Welcome to Mothership: Parenting stories you actually want to read, whether you're thinking about or passing on kids, from egg-freezing to taking home baby and beyond. Because motherhood is a big if — not when — and it's time we talked about it that way.
I’ve always been into the idea of having children. I have never felt pressured to have kids, but maybe that’s because I’m 24 and have a considerable number of fertile years ahead of me. But as early as age 13, I remember thinking about how neat it would be to have a baby. The fantasy didn’t necessitate a spouse or all the trappings that come with the concept of a nuclear family, I just thought that helping a little one grow was one of the most magical things I could think of.
But here I am, a young woman who owns her own sex toy store, writes articles about all things sex, makes collages out of porn, and has an Instagram account that many folks consider soft-core porn. Google me, and you’ll easily find articles where I talk about the time I had gonorrhea, why anal sex is fucking awesome, and how I got over being embarrassed about my dry pussy. “I think you’d be a great parent,” my friends and partners tell me, “but what are you going to do when your kid finds your articles and sees these sexy pictures of you?”
I’m definitely not the only one in this boat: There are many “non-normative” sexual identities that mainstream society considers potentially damaging to a child’s psyche. In addition to parents whose careers exist in the adult world, this is a thing that poly and kinky parents have to think about all the time. How honest should you be with your kids about your sex life? What lengths should you go to hide your vibrator from them? Your handcuffs? Your lube? If the kids do find something you’ve been hiding from them, how do you then explain it to them?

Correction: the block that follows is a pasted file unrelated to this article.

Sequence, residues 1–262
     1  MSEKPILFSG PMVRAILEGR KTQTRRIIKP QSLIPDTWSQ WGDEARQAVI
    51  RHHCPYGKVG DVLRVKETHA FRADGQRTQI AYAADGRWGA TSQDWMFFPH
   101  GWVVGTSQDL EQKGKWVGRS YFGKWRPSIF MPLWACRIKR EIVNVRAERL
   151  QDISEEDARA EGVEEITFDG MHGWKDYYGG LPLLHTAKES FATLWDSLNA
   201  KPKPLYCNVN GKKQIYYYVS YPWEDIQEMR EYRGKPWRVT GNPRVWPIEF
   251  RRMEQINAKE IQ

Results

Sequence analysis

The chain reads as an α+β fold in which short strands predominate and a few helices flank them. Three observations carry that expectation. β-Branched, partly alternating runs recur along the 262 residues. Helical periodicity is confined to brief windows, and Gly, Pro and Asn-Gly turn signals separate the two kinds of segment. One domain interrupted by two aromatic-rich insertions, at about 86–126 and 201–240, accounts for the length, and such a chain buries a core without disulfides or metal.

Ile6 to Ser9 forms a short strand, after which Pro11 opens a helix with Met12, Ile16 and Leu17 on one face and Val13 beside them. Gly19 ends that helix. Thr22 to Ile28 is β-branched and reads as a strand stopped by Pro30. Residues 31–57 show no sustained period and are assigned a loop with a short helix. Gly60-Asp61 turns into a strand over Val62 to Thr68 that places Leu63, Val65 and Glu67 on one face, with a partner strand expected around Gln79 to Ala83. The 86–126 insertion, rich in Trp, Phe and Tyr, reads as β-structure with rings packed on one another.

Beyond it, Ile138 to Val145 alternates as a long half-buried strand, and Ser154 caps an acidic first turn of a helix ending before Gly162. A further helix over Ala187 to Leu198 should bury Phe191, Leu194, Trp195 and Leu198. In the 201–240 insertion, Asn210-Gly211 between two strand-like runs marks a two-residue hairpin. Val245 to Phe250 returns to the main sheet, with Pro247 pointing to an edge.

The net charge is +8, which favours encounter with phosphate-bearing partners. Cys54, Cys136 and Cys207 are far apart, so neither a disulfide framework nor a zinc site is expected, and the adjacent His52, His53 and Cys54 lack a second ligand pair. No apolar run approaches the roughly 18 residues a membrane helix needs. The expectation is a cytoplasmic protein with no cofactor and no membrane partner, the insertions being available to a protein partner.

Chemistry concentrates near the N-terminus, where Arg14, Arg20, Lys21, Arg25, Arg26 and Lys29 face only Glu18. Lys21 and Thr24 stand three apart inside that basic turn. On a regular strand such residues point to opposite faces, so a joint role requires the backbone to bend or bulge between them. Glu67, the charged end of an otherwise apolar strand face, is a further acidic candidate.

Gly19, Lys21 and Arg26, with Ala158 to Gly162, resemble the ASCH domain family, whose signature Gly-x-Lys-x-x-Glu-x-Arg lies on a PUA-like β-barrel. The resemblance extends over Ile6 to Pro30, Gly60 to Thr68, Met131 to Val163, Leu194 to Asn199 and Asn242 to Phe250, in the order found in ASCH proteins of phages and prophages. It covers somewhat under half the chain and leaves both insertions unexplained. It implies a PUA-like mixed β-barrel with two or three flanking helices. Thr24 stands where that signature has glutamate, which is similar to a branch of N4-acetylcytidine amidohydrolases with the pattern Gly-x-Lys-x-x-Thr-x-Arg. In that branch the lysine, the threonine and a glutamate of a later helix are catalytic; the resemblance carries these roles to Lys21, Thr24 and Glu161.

Yes, it’s a tricky scenario, isn’t it? Even though I’m a sex-positive person, I can’t imagine what it would feel like to discover that one of my parents had been a personality in the sex industry all along, but that’s also impossible to imagine because that’s not who either of my parents were. I think the real issue in this hypothetical scenario is that when we try to imagine “what if this was one of my parents,” it also means that your parent had been hiding their identity from you all along. The real issue, in my opinion, occurs not when a parent is promiscuous or sexually non-normative, but when a parent goes to extreme lengths to hide truths about their identity from their child.
There are many people today who still believe the incredibly homophobic notion that gay parents are unfit to raise children. There are also people who know that a parent’s sexual orientation doesn’t affect their ability to be an amazing parent, yet would question a non-monogamous or very kinky person’s ability to parent.
I’m not saying that we ought to show our kids our nude photos, or give them a tour of our sex toy drawers, but kids can smell a lie from a mile away.
At a sexuality conference I attended this past fall, I listened to a session that discussed sex-positive parenting and heard from many parents who are also porn performers. “My teenage daughter knows I do porn,” I heard one parent remark. “She’s known all along, and it’s never bothered her, except for one time when the kids at school teased her about it. We talked about it when she got home from school, and I gave her a few different ways she could educate and effectively shut down the teasing in the future. We did a little role-play where I pretended to make fun of her, and that really helped her get the gusto to confidently put the other kids in their place.”